Dr. Camilla Wong and Dr. Tyler Chesney

A team of surgical oncologists at St. Michael’s Hospital performed a total gastrectomy, distal pancreatectomy and splenectomy on a patient, marking the first time these complex cancer operations were performed at the hospital.

This procedure advances the type of care older adults with complex cancer can receive at St. Michael’s.

“Being able to take on these types of cases for patients means that the people in our community – the people that are served by St. Michael’s – will have access to the care they need to treat their advanced cancers,” said Dr. Tyler Chesney, a colorectal and gastrointestinal surgical oncologist who led the procedure, which required careful preparation of the patient’s perioperative care and coordination of multiple surgical teams.

The patient, who was over 70 years old, required a complex multivisceral resection to treat advanced gastric cancer. A multivisceral resection is the removal of the tumor and at least one other adjacent organ.

After reviewing the patient, Dr. Chesney and the team determined the patient’s stomach cancer was invading the vessels that carry blood into the spleen and pancreas. They decided to perform the total gastrectomy, distal pancreatectomy and splenectomy – a type of multivisceral resection.

“I am the first surgical oncologist in the Division of General Surgery here who is trained in planning out surgeries that require resection of more than one structure at a time to remove more advanced cancers,” Dr. Chesney said. “Normally, a patient with an advanced tumour who required this type of procedure would have been referred out of St. Michael’s. This total gastrectomy, distal pancreatectomy and splenectomy allows us, as a hospital, to expand the care we are able to provide for our patients.”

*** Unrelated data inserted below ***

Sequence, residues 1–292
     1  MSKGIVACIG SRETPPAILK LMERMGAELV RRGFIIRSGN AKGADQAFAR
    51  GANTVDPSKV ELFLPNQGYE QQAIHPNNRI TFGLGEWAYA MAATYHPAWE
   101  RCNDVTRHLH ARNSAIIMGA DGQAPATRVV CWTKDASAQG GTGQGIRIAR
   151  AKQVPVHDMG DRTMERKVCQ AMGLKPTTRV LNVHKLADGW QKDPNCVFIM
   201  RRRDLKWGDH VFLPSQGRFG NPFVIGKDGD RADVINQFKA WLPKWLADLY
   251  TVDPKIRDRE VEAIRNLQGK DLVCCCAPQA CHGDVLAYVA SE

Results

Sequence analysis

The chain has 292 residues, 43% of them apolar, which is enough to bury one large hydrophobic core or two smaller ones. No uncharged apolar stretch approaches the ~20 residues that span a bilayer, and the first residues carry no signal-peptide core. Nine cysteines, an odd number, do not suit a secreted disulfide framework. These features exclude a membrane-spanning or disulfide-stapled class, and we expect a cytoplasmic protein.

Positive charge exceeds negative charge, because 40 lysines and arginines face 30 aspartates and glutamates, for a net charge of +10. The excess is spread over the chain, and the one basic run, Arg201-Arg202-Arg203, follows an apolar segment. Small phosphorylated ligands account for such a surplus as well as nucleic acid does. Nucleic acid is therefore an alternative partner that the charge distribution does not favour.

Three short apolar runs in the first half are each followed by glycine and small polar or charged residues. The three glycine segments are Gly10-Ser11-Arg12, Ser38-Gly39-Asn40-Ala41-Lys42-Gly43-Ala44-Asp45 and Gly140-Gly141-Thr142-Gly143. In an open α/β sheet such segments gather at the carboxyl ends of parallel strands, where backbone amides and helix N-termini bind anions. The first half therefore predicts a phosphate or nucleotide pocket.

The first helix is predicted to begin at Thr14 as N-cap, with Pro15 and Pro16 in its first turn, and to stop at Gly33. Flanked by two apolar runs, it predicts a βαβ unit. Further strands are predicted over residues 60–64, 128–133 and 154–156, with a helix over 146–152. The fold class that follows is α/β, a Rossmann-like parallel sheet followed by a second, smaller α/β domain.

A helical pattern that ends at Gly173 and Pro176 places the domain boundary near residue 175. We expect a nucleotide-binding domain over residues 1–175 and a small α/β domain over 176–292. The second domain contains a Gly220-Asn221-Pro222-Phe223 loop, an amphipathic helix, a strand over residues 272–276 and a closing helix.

After joining St. Michael’s in July 2020, Dr. Chesney has helped to build a unique program called the “Older Adults Surgery and Oncology Program” (OSOP) in which geriatricians and an interdisciplinary team play a significant role in perioperative shared care of patients who are 70 years of age or older and are undergoing surgery for gastrointestinal, colon or rectal cancer.

The Older Adults Surgery and Oncology Program team.

After a patient is identified as meeting the criteria of the program, Dr. Camilla Wong, the geriatric lead for the program and a Geriatrician at St. Michael’s, performs a comprehensive preoperative geriatric assessment. She evaluates the patient’s medical comorbidities, screens for cognitive impairment and determines how the patient manages their day-to-day living and what type of psychosocial supports the patient may have. The assessment helps to optimize the patient’s health pre-surgery to decrease the potential for any poor post-surgery outcomes. After surgery, Dr. Wong will follow the patient with the surgical team throughout their hospital stay.

In this situation, the OSOP team identified previously developed pressure ulcers on the patient and arranged for home care to mend the wounds so the patient would be prepared for and comfortable during the operation.

“We can prevent a lot of the complications that may occur in older adults after surgery if we get involved early as opposed to waiting until post-operation. This program is important for patient care because it takes a very proactive approach,” said Dr. Wong. “It’s a whole team effort. We do everything we can to make sure the older adults regain as much function as possible.”

The Older Adults Surgery and Oncology Program involves support from a variety of disciplines and roles across the hospital. The team includes a transition facility coordinator, dietitian, social worker, physiotherapist, physicians and anesthesiologists. 

“Last month’s operation really speaks to the willingness of different individuals in the hospital to work together and collaborate to allow us to expand what is possible in terms of the procedures and care we can provide for certain types of patients, such as those with complex cancers or older adults undergoing cancer surgery,” said Dr. Chesney.

By: Jessica Cabral